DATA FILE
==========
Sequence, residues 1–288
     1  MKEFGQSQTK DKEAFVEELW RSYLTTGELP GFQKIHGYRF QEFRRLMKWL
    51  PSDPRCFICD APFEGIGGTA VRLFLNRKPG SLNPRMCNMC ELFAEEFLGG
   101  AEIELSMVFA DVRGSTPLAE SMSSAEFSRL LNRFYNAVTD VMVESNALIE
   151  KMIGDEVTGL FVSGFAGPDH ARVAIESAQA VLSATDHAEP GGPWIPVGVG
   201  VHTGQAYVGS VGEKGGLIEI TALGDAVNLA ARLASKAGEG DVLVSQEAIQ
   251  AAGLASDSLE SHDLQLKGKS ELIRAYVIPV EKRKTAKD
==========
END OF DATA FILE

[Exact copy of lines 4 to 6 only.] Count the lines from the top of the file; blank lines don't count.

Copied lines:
   101  AEIELSMVFA DVRGSTPLAE SMSSAEFSRL LNRFYNAVTD VMVESNALIE
   151  KMIGDEVTGL FVSGFAGPDH ARVAIESAQA VLSATDHAEP GGPWIPVGVG
   201  VHTGQAYVGS VGEKGGLIEI TALGDAVNLA ARLASKAGEG DVLVSQEAIQ